The Suunto Spartan Ultra has been a while coming – rumoured for a while, then marketed heavily, the Spartan line is now Suunto’s flagship set of products, and encompasses a range of devices from the pocket-friendly Sport models, through to the desirable but pricey Suunto Spartan Ultra Titanium models.

Consigned to history are the old Ambits, and literally last year’s news is the ‘Vertical’ model line, both of which the Spartan replaces. So, what does the Suunto Spartan Ultra deliver? It’s intended to be the multisport tracking watch to rule them all, tracking 80 sports straight out of the box, logging GPS tracks, HR data, ambient conditions (via an inbuilt barometer), and providing GPS guidance and mapping. It’s a big spec list for such a small package!

I’ll get this out of the way early, but saying how successful the Suunto Spartan Ultra is at delivering all this is still hard to say, in spite of a UK launch earlier this year, and a UK onsale date of August 15, 2016. I’ll try and explain below, but I’ll be updating my ongoing Suunto Spartan Ultra review throughout the coming months (altitude testing in the Alps coming next month).

Suunto have moved the goalposts by updating not only their hardware (the new watch), but also their online portal, movescount.com, their desktop sync software, and their companion app. The Suunto Spartan Ultra even sports a new magnetic charging clip, a step change from the clothes-peg type device that’s powered their devices for some years. The only thing that hasn’t changed is the external HR belt which is still needed to track heartrate, although Suunto have announced they’ll make an optical HR version soon.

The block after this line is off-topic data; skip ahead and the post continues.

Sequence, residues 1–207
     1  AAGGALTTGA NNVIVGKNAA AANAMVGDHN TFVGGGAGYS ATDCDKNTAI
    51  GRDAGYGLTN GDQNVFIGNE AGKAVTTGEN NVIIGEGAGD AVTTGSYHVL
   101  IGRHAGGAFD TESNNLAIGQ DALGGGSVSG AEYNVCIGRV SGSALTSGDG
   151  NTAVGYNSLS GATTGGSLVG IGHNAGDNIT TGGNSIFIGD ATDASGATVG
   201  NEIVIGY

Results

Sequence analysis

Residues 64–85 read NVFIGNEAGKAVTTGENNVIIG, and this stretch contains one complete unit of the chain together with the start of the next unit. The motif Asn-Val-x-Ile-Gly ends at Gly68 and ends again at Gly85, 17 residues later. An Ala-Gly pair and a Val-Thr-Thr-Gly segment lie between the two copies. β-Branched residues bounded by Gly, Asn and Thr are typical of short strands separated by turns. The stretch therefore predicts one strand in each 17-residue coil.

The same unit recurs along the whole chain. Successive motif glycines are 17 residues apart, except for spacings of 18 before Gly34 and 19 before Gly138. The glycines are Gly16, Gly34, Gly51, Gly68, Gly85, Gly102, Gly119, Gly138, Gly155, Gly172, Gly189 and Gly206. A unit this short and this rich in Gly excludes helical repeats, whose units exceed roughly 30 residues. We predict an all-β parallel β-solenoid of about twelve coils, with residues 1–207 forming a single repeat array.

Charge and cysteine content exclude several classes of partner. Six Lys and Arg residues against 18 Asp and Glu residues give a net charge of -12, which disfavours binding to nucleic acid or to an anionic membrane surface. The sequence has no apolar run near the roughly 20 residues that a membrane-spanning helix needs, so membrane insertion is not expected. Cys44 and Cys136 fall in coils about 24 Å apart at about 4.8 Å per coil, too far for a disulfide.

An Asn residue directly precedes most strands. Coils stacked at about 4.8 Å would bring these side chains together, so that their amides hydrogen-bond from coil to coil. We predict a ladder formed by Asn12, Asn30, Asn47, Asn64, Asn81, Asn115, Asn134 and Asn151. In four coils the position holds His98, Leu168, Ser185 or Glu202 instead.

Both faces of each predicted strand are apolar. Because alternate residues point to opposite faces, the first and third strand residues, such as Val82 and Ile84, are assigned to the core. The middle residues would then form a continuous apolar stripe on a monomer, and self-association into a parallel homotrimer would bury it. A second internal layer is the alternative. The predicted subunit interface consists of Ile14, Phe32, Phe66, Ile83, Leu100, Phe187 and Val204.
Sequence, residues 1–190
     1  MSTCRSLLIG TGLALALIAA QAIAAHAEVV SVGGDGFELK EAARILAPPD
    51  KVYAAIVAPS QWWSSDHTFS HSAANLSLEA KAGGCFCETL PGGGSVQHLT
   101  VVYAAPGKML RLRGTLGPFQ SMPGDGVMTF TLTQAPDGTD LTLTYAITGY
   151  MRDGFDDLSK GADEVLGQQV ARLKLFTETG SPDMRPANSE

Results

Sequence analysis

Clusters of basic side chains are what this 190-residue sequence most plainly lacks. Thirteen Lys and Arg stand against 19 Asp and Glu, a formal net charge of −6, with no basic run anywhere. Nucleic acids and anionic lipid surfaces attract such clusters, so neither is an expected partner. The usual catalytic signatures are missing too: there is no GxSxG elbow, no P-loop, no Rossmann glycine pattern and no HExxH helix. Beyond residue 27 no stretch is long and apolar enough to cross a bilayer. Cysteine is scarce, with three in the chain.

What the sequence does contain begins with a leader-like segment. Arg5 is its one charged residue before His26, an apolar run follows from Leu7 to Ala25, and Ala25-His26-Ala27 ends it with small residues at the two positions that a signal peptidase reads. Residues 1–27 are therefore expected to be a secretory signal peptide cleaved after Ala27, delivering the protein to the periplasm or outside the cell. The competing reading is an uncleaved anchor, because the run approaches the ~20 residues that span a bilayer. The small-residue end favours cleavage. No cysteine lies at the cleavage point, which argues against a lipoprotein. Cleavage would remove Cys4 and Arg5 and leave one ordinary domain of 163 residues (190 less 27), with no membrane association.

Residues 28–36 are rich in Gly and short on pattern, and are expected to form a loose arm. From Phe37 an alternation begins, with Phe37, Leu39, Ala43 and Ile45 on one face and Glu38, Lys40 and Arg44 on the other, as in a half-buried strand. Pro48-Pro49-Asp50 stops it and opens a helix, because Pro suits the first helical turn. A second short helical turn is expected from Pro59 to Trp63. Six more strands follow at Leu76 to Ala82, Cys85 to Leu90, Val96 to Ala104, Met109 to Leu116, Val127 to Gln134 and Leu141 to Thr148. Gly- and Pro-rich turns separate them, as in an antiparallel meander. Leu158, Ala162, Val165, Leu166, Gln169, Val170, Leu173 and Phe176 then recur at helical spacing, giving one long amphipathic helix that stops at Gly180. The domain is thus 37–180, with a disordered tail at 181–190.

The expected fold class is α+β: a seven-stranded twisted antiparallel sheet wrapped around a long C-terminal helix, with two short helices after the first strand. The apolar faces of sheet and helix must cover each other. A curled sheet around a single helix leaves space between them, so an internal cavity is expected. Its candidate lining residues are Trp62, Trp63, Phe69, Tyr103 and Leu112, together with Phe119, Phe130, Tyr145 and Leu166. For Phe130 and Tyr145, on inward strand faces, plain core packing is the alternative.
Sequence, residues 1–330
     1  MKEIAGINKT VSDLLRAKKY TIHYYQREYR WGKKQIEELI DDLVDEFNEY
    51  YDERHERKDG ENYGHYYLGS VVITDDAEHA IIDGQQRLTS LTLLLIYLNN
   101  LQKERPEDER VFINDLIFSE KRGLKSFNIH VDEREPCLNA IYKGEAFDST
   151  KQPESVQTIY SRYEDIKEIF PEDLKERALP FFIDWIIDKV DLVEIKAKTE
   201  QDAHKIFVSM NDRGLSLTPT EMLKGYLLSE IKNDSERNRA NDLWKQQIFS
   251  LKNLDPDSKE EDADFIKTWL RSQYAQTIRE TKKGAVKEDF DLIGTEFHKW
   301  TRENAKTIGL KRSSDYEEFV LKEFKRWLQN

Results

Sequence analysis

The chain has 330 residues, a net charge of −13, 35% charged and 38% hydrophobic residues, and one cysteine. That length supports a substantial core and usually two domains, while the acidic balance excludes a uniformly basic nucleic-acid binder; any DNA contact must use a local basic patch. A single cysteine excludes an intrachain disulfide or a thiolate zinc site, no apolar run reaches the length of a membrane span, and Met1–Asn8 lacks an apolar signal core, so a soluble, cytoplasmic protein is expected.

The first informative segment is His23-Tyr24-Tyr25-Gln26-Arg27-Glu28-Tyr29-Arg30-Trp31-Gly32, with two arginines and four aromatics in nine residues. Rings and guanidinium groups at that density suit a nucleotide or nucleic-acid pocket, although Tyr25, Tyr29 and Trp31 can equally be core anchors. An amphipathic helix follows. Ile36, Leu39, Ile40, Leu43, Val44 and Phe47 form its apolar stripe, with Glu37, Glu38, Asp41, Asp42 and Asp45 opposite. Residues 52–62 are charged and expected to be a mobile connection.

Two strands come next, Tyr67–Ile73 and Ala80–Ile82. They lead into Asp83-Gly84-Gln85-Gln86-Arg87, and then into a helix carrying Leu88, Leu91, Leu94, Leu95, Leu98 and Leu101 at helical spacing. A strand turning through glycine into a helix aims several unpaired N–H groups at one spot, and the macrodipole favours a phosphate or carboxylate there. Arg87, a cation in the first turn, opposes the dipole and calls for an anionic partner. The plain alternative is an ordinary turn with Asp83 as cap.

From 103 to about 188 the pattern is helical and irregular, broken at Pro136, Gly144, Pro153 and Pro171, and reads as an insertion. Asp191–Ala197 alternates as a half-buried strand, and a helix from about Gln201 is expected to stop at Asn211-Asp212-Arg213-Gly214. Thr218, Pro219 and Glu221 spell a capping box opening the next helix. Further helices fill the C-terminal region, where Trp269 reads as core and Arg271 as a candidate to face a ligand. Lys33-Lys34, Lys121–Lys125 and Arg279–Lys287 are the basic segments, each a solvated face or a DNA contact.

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The watch itself is a rather aspirational beast, with a LED backlit, colour, Sapphire glass touchscreen front and centre, and a minimalist aesthetic aided by the loss of left-hand buttons entirely, and no external antenna hump (a la Ambit) to get in the way. It’s probably one of the nicest looking sports watches out there, looking more like a high-end smartwatch than a chunky outdoor watch. This smartwatch element is boosted further by the Spartan providing live alerts (emails, texts, missed calls, etc) when paired with the smartphone app – although only the iOS app is currently available, with Android promised in September 2016.

Battery life ranges from 18 to 26 hours, depending on how accurately you’d like your GPS to be tracking, this last being augmented with GLONASS support for better coverage. So far it looks to be more accurate than last year’s Vertical, which is good news. The colour touchscreen may have come later than Garmin’s offerings, but it’s a good un, remaining easily readable and swiping well in wet summer conditions – Suunto reckon it’ll work with light gloves too, which is a bonus.

The new User Interface is particularly easy to navigate, and Suunto’s efforts to de-clutter it seems to have paid real dividends in usability terms. However, many of the really interesting training tools and services (such as touch screen lock, alarm, personalised coaching plans, granular planning, Personal Best flagging, logging and comparisons to name but a few) are still TBC, as you can see here.

In short the Spartan Ultra looks tantalisingly promising, and with a company as experienced as Suunto in delivering wrist-based tech behind it the omens are good. However, there’s still so much left to test it’s not fair to rate this watch yet – keep your eyes peeled for more details as they’re released!

The Suunto Spartan Ultra is available now, from £509.00